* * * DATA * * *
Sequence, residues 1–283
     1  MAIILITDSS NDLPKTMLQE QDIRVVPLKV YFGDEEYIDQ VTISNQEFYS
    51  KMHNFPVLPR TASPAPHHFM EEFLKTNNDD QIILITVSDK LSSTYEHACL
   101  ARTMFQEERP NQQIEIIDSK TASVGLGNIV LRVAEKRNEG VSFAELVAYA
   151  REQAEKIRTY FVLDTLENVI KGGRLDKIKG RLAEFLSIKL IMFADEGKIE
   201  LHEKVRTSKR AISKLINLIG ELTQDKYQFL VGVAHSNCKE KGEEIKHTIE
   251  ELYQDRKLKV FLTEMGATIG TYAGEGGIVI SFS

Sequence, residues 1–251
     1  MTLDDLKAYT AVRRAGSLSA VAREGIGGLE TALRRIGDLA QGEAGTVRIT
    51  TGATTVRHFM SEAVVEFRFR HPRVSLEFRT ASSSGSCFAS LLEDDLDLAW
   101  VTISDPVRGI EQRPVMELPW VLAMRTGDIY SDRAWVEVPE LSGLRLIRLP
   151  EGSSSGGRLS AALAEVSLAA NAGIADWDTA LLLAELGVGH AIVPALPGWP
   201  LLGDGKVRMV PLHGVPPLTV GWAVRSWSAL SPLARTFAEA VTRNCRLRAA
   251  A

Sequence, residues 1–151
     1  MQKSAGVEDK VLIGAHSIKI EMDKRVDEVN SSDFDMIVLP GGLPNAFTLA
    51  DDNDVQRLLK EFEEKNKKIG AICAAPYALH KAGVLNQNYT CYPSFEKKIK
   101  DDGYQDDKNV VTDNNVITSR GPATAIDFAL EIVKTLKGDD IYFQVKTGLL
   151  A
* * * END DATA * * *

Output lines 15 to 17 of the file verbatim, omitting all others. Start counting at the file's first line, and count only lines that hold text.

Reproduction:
Sequence, residues 1–151
     1  MQKSAGVEDK VLIGAHSIKI EMDKRVDEVN SSDFDMIVLP GGLPNAFTLA
    51  DDNDVQRLLK EFEEKNKKIG AICAAPYALH KAGVLNQNYT CYPSFEKKIK